Stuart King

Review: FRANK’S CLOSET at Union Theatre

The Union Theatre, Sasha Regan’s powerhouse south London fringe venue, continues to churn-out season after season of work, usually a blend of classics, revamped musicals and productions which sometimes do their best to defy labelling. These are often achieved with minimal budgets, grit, determination and a great deal of goodwill, enthusiasm and energy from the creative teams. Long may the venue continue to draw-in audiences.

Frank's Closet at Union TheatreFrank's Closet at The Union Theatre

Stuart Wood’s book, music and lyrics for FRANK’S CLOSET owe perhaps a little too much to his time spent scoring TV commercials to ever trouble the likes of Andrew Lloyd-Webber, but with a little funding assistance from both friends and Arts Council England back in 2009, he managed to stage two runs of the show at Hoxton Hall. 15 years on and it embarks on its latest outing in front of an audience under the Union’s arches with television actor Andy Moss playing Frank, a man who has decided his life would benefit from a bit of a decluttering.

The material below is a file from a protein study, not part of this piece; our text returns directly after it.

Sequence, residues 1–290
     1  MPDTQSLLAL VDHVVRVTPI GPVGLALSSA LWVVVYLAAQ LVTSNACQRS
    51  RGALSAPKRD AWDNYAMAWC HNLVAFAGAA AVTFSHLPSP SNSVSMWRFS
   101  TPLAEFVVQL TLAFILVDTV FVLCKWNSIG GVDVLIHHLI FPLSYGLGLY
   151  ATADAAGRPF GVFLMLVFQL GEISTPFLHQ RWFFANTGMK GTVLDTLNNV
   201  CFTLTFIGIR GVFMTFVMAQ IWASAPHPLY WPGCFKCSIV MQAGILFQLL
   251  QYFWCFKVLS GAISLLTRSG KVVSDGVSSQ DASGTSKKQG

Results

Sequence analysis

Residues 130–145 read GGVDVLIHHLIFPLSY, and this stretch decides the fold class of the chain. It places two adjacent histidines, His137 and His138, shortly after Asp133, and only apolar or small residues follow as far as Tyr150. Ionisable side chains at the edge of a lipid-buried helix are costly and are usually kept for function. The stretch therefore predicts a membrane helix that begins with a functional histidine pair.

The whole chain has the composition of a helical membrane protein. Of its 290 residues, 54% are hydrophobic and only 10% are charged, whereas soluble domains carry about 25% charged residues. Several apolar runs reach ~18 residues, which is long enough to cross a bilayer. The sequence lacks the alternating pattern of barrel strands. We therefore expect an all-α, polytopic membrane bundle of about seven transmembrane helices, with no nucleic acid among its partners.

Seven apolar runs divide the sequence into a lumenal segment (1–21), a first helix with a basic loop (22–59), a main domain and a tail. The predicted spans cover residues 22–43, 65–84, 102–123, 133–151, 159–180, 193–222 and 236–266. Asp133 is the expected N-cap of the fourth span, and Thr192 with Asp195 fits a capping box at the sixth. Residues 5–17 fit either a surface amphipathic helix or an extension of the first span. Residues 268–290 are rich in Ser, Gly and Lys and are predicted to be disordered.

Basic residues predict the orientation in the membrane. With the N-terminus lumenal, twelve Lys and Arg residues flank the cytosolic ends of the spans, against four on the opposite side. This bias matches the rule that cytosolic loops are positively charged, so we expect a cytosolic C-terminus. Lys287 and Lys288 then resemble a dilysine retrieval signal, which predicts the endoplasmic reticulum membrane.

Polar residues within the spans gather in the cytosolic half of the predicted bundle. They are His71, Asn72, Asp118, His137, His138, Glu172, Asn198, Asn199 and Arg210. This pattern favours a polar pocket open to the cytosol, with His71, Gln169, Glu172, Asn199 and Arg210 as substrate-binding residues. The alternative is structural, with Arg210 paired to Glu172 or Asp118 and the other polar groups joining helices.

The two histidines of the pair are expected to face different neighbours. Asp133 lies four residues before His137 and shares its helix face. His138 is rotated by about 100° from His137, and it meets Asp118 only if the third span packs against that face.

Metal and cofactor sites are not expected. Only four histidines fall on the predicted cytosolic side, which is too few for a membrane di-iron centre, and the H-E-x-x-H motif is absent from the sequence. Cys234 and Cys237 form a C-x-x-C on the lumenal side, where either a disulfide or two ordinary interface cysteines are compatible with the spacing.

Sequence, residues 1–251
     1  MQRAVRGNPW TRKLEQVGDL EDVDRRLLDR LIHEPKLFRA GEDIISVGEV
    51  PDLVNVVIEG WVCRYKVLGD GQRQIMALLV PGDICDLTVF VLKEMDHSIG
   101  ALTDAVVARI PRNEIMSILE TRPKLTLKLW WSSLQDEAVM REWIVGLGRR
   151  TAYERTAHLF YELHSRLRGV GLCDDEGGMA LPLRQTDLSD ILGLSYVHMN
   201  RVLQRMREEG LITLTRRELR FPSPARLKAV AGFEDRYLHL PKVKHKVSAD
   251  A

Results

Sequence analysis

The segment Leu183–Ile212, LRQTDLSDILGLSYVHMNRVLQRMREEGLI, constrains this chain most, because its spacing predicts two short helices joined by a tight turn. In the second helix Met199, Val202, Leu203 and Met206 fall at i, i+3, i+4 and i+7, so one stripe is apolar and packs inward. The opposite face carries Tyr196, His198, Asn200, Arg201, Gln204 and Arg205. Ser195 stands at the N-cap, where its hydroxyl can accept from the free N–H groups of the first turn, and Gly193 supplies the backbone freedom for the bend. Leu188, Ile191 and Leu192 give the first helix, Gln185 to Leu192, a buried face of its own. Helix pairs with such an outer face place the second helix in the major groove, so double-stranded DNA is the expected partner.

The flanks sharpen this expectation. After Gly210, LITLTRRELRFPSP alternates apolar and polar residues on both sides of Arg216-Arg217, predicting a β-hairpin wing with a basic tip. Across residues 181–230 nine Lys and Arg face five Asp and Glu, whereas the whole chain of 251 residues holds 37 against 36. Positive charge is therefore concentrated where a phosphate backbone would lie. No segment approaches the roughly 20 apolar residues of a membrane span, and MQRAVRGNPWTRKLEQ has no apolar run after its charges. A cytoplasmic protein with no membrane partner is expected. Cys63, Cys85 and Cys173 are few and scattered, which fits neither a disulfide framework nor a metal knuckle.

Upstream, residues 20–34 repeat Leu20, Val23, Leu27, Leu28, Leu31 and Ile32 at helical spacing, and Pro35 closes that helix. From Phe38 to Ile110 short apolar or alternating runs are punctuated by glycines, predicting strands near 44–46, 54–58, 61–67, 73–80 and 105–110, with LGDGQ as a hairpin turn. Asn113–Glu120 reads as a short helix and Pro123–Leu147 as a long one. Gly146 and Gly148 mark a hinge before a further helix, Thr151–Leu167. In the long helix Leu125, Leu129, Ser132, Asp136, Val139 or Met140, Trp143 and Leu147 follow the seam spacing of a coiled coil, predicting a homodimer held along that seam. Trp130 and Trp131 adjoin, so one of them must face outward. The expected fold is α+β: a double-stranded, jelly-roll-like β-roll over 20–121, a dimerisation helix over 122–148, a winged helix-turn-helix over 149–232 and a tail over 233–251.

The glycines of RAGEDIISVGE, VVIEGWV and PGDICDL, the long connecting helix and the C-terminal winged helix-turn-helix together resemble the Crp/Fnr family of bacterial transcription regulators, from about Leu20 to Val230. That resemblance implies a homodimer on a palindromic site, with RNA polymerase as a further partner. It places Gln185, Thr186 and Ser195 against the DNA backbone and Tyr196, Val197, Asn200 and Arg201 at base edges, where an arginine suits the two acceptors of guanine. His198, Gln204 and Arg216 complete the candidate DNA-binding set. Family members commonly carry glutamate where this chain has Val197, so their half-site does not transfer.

Over the years, Frank’s obsession with various noteworthy divas has resulted in the accumulation of a collection of costumes - some given, most acquired at auctions and others perhaps obtained by nefarious means. Now, (for reasons which aren’t entirely clear but may involve wedding bells and his boyfriend, (a female impersonator known simply as The Diva) he has decided to donate the 7 items — worn previously by Marie Lloyd, Julie Andrews, Ethel Merman, Karen Carpenter, Judy Garland, Agnetha Fältskog and Dusty Springfield — to the V&A Museum.

Of course it would be a missed opportunity of truly biblical proportions if in the process of clearing-out, The Diva played by Luke Farrugia didn’t don each garment one last time and belt out a number akin to something which each of those very notable women might have delivered. The efforts are supplemented and adorned by 4 dizzyingly different Gaiety Girls (Oliver Bradley-Taylor, Sarah Freer, Olivia McBride and Jack Rose, together with frequent on stage appearances by Paul Toulson’s alter ego Sheila Blige). Sam Balchin and Peter Crocker help accompany the troupe with Trumpet and Trombone respectively, under Anto Buckley’s guidance from the keyboard.

The production is a camp and rather frivolous piece of harmless fun, which is at its best when the team resist the temptation to imbue proceedings with too much soul-searching. And finally, just as suggestion: in this era when singers are encouraged to end a phrase on a dramatic belt-note, perhaps the writing would benefit from slightly greater variety in pitching of those final (belted) notes.